By allowing ads to appear on this site, you support the local businesses who, in turn, support great journalism.
Gainesville child advocacy center pushes ahead into third decade
08252017 Center 4.jpg
Lydia Sartain opens the Edmondson-Telford Child Advocacy Center's 20th anniversary celebration Thursday morning with remarks on the work the center has done working with law enforcement and the judicial system in prosecuting abuse cases. Sartain as Hall County district attorney in the 1990s helped start the center on Washington Street in Gainesville. - photo by Scott Rogers

The name and logo have changed, but Edmondson-Telford Child Advocacy Center’s mission is still the same — working with children who have suffered sexual physical abuse or neglect.

“We’ve had 20 years, and I don’t think we’re working ourselves out of a job,” said Lydia Sartain, who as Hall County district attorney in the 1990s, helped start the center on Washington Street in Gainesville.

“I’ve heard you’ve already seen more (children) so far this year than all of last year,” she said, speaking at a 20th anniversary celebration Thursday.

As part of the event, the center — formerly known as the Edmondson-Telford Center for Children — put up more than 300 signs on Green and Washington streets depicting the ages and first names of children served at the center. The center serves 300-400 kids each year from Hall and Dawson counties, board member Melissa Tymchuk said.

“Take a second or two to look at those (signs),” said former Atlanta Braves pitcher Phil Niekro, a long-time Edmondson-Telford supporter. “Not so much the names, but the ages of them. That’s what gets me.”

“And those names and ages are mixed. They’re not identifying children,” Executive Director Heather Hayes said.

The event, drawing some 50 people or more, featured several speakers, including Sartain and Hall Superior Court Judge Jason Deal, who retraced the center’s history.

The center is responsible for forensic medical exams and interviews of child victims, working with law enforcement and the judicial system in prosecuting abuse cases.

Before it was established in 1997, a child “got pulled from one place to another, talking to multiple adults about what had happened to them, traumatizing the child and getting multiple versions of the story,” Deal said.

“So, when you went to trial, the focus was on the child and all the stories they had told,” he said. “That child … was traumatized again by having to go through that process.”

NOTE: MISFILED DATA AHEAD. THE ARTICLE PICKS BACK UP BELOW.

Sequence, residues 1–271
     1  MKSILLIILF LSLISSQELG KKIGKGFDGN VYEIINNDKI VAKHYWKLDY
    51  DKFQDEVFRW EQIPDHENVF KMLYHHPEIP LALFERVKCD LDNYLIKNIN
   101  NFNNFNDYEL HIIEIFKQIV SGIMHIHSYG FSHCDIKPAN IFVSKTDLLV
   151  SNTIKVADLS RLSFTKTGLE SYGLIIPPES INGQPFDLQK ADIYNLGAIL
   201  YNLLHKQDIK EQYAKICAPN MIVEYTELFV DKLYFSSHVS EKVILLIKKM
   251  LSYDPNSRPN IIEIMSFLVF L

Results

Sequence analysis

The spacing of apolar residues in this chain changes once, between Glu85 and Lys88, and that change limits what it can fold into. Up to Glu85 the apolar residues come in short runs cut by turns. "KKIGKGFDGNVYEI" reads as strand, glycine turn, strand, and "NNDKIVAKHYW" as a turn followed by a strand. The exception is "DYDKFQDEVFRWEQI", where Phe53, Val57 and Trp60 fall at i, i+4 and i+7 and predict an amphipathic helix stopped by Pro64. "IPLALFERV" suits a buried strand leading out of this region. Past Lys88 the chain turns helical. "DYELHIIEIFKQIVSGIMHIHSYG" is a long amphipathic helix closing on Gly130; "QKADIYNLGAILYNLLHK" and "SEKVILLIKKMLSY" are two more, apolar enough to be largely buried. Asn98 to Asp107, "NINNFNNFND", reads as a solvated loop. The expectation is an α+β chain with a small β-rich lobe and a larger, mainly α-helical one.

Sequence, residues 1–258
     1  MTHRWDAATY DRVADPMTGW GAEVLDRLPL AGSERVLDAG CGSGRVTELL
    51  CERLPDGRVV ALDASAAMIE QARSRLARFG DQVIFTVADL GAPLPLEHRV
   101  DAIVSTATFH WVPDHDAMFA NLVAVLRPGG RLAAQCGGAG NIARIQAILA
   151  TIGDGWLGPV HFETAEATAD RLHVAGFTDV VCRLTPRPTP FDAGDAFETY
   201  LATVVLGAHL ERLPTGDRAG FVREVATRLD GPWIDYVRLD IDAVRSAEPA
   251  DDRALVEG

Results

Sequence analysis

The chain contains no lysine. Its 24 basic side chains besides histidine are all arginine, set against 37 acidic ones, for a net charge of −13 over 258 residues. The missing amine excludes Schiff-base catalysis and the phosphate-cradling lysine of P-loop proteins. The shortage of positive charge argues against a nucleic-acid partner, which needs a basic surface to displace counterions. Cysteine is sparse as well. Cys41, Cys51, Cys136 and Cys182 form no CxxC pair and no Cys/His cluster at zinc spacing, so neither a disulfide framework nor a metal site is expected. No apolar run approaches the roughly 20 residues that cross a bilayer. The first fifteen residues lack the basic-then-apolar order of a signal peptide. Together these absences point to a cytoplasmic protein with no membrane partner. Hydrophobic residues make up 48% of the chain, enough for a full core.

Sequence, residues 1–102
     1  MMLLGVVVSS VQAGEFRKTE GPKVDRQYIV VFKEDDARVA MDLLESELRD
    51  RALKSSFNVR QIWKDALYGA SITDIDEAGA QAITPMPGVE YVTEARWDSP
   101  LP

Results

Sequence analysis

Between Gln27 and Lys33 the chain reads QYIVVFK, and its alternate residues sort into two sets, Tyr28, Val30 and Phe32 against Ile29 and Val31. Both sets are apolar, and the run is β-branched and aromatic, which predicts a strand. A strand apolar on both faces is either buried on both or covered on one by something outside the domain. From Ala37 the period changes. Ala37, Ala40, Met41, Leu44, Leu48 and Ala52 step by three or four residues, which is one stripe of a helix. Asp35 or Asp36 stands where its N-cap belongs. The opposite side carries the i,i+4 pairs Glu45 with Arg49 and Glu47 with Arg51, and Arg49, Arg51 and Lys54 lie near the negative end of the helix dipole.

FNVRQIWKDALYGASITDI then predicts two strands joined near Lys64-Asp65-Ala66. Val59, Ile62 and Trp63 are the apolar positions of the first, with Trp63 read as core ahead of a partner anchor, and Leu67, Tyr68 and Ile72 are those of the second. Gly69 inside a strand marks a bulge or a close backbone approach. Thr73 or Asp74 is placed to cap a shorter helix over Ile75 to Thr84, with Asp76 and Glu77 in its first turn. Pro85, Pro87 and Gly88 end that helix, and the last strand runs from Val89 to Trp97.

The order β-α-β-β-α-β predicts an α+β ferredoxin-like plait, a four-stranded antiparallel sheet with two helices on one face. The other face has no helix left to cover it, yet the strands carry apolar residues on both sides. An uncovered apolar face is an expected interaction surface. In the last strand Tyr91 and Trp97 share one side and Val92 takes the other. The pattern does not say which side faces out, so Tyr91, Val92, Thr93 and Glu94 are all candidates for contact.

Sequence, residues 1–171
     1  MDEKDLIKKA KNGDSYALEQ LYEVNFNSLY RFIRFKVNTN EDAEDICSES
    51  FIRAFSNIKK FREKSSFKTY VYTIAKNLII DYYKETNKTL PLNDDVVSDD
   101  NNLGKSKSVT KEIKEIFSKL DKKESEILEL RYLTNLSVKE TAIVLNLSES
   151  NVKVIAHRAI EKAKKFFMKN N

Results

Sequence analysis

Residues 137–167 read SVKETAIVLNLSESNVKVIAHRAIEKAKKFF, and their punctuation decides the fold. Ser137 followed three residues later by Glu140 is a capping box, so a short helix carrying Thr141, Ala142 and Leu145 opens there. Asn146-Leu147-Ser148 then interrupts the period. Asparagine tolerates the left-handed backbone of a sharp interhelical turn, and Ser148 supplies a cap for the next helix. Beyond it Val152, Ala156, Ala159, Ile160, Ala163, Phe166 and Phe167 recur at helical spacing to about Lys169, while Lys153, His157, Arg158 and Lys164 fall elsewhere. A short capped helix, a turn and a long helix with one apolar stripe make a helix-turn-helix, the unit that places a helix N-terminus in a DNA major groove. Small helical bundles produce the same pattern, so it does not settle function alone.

Today, a child is referred immediately to the center once an abuse complaint is made.

“This place is much nicer than the investigator’s office at the jail,” Deal said.

“When the case goes to court … the focus is being changed from the child being the subject of rigorous cross-examination to a battle of experts over whether the forensic interview was done correctly.”

Outrage around the death of 19-month-old Austin Sparks in 1996 is largely responsible for The Little House, which houses the Edmondson-Telford Center for Children and the Court-Appointed Special Advocates.

Jason Lamar Smith, Sparks’ then 17-year-old babysitter, confessed to beating Sparks. He received a life prison sentence without parole that was modified in 2014 to give him the chance of parole.

State Sen. Butch Miller, R-Gainesville, also praised the center’s efforts.

“The work that this agency does changes lives,” he said. “I think about the children walking around with this burden that they have, and they feel like they’ve done something wrong. They didn’t do anything wrong, and this (center) helps … those children work through those kinds of problems.”

Hayes said people frequently talk to her about firsthand experiences with the center.

“People say, ‘My child went through there,’ or ‘I adopted a child who went through there,’” she said. “I never know really how to respond, because that’s generally not a good background.”

A recent conversation stopped Hayes in her tracks.

When she replied, “I’m sorry. I hope it was a good response,” the person’s reply was, “Don’t be sorry. That was where the pain ended and the healing started.”

“That really stuck with me,” Hayes said. “That’s what we’re here for.”

Regional events